There is a big gulf in many Americans’ understanding of global events: wonderful things are happening, just not here.
Contributing Editor, The Atlantic
Visiting Fellow (2000-08), Brookings Institution
Author, Arrow of History (forthcoming, 2018)
A generation ago, 50 percent of humanity was malnourished, with calamitous famines widely predicted. The United Nations Food and Agriculture Organization reported in 2015, the most recent year for which statistics are available, that malnutrition has declined to the lowest level in human history. Today only 12 percent of the world’s population goes hungry. Of course 12 percent is too high, but the number means there are more than 6 billion people who eat sufficient meals. That’s four times the total number of people alive when Theodore Roosevelt was the United States president.
Per-capita production of grain, beef, poultry, and dairy is rising faster than population almost everywhere in the world, in no small part owing to efforts supported by the U.S.
American agronomists of the 1940s and 1950s developed hybrid cereals that made the farms of poor nations more productive. Mexico played a little-appreciated role in this effort: Its International Maize and Wheat Improvement Center, known by the Spanish acronym CIMMYT, was groundbreaking in more than the punning sense. Under U.S. President Barack Obama, the Agency for International Development shifted attention toward agricultural research specific to the soil and climate of poor nations. Owing in part to this, some regions in Africa are already on track to become agricultural exporters.
In the summer of 2016, as election-year negativism went off the charts, a genuine bipartisan event occurred on Capitol Hill. There was a bill to fund Green Revolution crop research in Africa—not for Africa but in Africa, at research installations such as the Africa Rice Center in Côte d’Ivoire. Had this proposal triggered fist-shaking legislative gridlock, it would have been all over the news. Instead, the legislation passed the Senate by voice vote and the House by 369-53, with Republicans and Democrats reaching broad agreement—and so the bill was ignored by the White House contenders and by the mainstream media. The result is that most Americans don’t know that world hunger is in dramatic decline partly because of U.S.-led research.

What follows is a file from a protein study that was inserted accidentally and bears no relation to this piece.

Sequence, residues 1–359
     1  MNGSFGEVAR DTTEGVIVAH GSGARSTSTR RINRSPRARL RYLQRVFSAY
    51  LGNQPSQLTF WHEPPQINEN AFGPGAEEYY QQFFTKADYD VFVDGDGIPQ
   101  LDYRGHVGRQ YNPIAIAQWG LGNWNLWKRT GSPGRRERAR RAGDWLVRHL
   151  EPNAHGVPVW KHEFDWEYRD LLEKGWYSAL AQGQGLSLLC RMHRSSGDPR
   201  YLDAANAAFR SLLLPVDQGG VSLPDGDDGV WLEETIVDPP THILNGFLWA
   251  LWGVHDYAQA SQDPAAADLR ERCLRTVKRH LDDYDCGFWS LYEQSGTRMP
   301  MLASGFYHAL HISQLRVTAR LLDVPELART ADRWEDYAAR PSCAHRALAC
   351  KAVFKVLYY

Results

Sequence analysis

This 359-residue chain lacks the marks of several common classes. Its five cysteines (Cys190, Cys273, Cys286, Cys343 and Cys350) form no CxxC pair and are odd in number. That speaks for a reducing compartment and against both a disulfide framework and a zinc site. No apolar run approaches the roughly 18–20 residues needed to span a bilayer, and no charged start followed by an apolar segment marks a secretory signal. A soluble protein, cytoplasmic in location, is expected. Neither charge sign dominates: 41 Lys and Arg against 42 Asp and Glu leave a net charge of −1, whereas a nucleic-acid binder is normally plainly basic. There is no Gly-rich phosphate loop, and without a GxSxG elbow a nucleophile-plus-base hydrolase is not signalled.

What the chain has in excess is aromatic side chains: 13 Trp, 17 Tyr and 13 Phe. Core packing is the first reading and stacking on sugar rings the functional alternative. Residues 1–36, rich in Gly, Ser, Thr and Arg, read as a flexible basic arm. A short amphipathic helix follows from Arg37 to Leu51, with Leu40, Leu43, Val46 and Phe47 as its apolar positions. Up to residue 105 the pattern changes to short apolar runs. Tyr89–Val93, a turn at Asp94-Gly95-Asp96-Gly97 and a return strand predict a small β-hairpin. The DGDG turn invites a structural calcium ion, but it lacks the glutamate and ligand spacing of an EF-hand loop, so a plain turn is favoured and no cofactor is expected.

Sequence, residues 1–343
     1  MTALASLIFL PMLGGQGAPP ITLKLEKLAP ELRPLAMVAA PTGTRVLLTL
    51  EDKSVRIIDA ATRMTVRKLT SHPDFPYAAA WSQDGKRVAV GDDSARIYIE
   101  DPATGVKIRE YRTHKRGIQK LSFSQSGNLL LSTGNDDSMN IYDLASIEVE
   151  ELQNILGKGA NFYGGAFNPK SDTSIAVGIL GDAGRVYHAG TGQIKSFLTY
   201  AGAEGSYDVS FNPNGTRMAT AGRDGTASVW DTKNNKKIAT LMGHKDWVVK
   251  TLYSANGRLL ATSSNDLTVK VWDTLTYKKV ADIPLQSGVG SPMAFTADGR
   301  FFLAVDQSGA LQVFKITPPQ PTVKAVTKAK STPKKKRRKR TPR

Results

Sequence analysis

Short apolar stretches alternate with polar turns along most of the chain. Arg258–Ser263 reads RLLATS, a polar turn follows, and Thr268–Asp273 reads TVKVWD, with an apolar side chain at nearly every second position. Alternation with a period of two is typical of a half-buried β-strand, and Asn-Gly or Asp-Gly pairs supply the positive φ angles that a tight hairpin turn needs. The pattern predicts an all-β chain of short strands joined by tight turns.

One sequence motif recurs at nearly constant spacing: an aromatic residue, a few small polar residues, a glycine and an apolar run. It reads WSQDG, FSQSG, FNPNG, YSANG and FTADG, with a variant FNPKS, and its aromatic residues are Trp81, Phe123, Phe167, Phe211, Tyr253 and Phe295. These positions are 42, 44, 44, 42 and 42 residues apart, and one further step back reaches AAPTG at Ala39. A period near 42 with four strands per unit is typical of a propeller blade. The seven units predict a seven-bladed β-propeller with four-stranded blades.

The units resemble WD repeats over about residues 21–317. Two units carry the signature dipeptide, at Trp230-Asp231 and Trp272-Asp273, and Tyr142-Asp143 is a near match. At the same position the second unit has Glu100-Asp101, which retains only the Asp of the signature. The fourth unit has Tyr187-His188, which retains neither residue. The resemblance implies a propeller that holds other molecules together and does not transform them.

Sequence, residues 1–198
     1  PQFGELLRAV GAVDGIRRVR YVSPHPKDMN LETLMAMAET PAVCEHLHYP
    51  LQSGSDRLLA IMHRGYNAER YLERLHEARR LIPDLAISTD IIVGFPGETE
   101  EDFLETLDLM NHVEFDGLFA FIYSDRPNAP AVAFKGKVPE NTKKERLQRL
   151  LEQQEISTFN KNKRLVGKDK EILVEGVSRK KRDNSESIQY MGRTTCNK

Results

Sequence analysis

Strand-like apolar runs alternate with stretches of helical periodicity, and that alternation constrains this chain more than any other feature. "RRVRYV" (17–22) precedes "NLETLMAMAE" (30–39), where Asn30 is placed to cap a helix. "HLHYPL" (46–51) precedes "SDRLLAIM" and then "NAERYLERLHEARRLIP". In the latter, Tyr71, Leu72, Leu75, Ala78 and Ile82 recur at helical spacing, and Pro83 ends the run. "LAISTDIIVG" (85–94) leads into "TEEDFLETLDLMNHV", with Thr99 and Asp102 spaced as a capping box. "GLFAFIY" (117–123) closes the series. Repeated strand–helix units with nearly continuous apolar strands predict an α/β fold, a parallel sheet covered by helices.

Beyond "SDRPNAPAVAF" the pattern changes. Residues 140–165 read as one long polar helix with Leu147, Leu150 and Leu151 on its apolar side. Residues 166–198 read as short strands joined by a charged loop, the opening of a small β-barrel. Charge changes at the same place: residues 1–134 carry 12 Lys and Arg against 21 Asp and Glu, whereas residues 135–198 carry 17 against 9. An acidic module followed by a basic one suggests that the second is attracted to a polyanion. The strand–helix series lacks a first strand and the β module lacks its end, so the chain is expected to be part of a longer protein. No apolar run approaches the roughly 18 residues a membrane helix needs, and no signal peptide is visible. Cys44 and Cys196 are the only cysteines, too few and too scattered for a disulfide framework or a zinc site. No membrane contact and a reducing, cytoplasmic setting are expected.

This is not an isolated example. The American media pays considerable attention to violence and air pollution in the developing world, as well it should. What about progress? Most Americans don’t know that global poverty is in dramatic decline, again with a U.S. connection. A 2013 survey of the U.S. and United Kingdom by Novus, a social-change organization in Sweden, found that two-thirds of Americans and Britons believe destitution in the developing world has doubled in recent years. Actually, extreme poverty is less than half of what it was not so long ago.
The World Bank reports that the number of people mired in extreme poverty—defined as living on less than $1.90 per day—dropped from 37 percent in 1990 to less than 10 percent, the lowest fraction in history, in 2015, again latest year for which statistics are available. That’s a drop from 2 billion people in 1990 to less than 700 million today.
Taking into account population growth, from 1990 to 2015, the share of humanity that does not live in deep poverty rose from 3.4 billion to 6.5 billion. In the current generation 3 billion people—most of them in developing nations—have joined the ranks of those who are not impoverished. Three billion is more than the total number of people alive in the entire world on the day Donald Trump was born.
But just as declining global hunger happens beyond the sight of citizens in Western nations, the news about rising living standards in the developing world cannot be observed in the Western communities that cast votes on presidents, prime ministers, or Brexit.
The bulk of global reduction of want is ongoing in China and India, nations that share these salient features: They are the globe’s most populous; around the year 1990, both switched from state-controlled economies to market forces; and around the year 2000, both embraced the globalized trade advocated by the U.S.
By encouraging economic expansion in the developing world, globalization cost the U.S. some jobs. Though as the Brookings Institution economists Martin Baily and Barry Bosworth have shown, nearly all the decline of manufacturing employment as a share of U.S. GDP was already over before the year 2000. Siding with open trade has turned out to be a tremendous favor the U.S. did for other nations, helping lift hundreds of millions out of deprivation.
Of course if you told a worker who lost a job in a Wisconsin factory, “The same globalization that harmed you is helping vast numbers of poor people by reducing global poverty,” the Wisconsin worker might reply with a colorful expletive. But this is the world’s dynamic: relatively small economic concessions from the top Western nations coupled to substantial gains for huge numbers in other nations. There are drawbacks, of course, as the same forces reducing poverty in China also are increasing inequality there. But the dynamic that goes unseen in the West increasingly makes the human family better off.
The U.S. may never be thanked for its actions that have helped other nations increase their food supplies and economic production. But these actions fit squarely into the American tradition of international generosity. Raj Shah, the new head of the Rockefeller Foundation who headed USAID under President Obama, says the pace of success in agricultural yield research convinces him, “The old Malthusian fears are disproven—the planet can produce enough calories and protein for 10 billion or even 20 billion people.” That fits well with the American tradition of optimism, too. At a time when American domestic politics are disturbing, the larger—largely positive—picture receives short shrift.